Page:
My Math Forum Looks like a polynomial....but it isn't

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 March 21st, 2008, 11:48 AM #1 Newbie   Joined: Feb 2008 Posts: 8 Thanks: 0 Looks like a polynomial....but it isn't 8x^3-19x^(3/2)-27=0 , and x is an element of the complex numbers Please someone help me with this question. If it's not a polynomial then what is it? How many roots does it have, and what are they?
 March 21st, 2008, 02:03 PM #2 Member   Joined: Feb 2008 Posts: 89 Thanks: 0 [color=darkblue]Hi: By definition, the terms of a polynmial are of the form cx^n, where c is a real number and n is a whole number (i.e., a non-negative integer). Accordingly, 8x^3 - 19x^(3/2) - 27 is not a polynomial. That said, we can solve the given equation nonetheless. Begin with the substitution u = x^(3/2). Since x^3 = [x^(3/2)]^2 = u^2, the equation becomes, 8u^2 - 19u - 27 = 0, which factors as (8u-27)(u+1)=0 ==> u = 27/8 or u = -1. I leave it up to you to re-substitute x^(3/2) into these equations for u, and solve for x. Regards, Rich B.[/color] rmath4u2@aol.com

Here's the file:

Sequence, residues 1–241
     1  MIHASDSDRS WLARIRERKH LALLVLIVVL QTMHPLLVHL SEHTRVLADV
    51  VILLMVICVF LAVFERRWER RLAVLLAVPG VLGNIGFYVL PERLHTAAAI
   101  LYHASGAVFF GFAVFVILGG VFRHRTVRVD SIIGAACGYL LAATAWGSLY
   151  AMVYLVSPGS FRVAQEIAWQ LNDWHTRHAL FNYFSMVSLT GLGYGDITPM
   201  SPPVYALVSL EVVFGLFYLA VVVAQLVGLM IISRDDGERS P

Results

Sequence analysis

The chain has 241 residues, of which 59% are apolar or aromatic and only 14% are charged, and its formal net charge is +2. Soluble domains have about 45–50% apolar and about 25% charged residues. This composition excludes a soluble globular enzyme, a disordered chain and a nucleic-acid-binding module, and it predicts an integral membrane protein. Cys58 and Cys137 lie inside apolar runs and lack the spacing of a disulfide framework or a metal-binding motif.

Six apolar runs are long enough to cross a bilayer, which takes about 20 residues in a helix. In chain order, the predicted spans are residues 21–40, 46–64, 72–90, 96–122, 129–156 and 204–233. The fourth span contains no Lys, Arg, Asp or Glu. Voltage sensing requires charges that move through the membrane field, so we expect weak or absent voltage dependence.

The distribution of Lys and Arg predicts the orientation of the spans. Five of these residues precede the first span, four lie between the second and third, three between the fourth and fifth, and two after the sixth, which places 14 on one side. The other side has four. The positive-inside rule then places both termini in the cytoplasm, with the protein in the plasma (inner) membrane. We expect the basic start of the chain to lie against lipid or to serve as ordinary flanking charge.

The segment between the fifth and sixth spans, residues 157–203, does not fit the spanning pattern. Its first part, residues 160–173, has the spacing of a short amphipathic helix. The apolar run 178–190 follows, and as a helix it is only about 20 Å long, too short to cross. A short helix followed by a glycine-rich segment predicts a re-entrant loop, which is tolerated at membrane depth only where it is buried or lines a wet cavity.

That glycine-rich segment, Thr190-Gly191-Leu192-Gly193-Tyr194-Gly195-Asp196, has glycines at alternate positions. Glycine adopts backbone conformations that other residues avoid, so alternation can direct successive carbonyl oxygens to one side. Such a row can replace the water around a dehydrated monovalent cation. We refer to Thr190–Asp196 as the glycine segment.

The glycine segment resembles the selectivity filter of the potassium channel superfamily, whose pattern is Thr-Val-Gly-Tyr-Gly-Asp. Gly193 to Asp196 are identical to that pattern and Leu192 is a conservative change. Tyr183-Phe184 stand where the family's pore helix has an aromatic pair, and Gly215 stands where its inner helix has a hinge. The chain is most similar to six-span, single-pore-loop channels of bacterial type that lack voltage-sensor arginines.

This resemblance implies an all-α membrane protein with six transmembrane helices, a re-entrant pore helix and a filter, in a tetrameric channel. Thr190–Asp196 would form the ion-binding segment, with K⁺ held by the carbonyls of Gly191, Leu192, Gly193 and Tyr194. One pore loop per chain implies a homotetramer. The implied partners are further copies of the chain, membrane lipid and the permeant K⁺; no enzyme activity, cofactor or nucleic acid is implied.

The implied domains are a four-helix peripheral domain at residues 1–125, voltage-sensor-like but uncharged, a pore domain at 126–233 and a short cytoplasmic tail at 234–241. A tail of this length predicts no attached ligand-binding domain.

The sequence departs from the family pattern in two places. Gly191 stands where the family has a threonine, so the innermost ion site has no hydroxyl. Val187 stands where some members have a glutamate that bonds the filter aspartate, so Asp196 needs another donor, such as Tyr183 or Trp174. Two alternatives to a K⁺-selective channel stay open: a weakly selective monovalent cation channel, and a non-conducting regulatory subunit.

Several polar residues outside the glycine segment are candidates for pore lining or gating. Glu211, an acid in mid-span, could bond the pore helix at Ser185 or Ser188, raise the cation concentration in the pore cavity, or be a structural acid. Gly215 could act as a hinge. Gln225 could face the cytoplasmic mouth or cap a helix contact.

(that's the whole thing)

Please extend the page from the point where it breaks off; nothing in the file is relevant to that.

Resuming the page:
March 26th, 2008, 02:39 AM #3 Newbie   Joined: Feb 2008 Posts: 8 Thanks: 0 But how do you know when to stop? I don't know the number of roots it has, that's the problem. Because it's not a polynomial I can't say it only contains 3 roots in the complex world, it probably contains more, but how many more?
 March 26th, 2008, 09:40 AM #4 Member   Joined: Feb 2008 Posts: 89 Thanks: 0 [color=darkblue]Hi Julien: Thanks for your input. So, do we have no way of knowing how many roots such a function has? Rich B.[/color] rmath4u2@aol.com
 March 26th, 2008, 10:57 AM #5 Global Moderator     Joined: Nov 2006 From: UTC -5 Posts: 16,046 Thanks: 938 Math Focus: Number theory, computational mathematics, combinatorics, FOM, symbolic logic, TCS, algorithms I would expect 6 roots, three from each of the u-values. You're taking cube roots, which should have three complex solutions.

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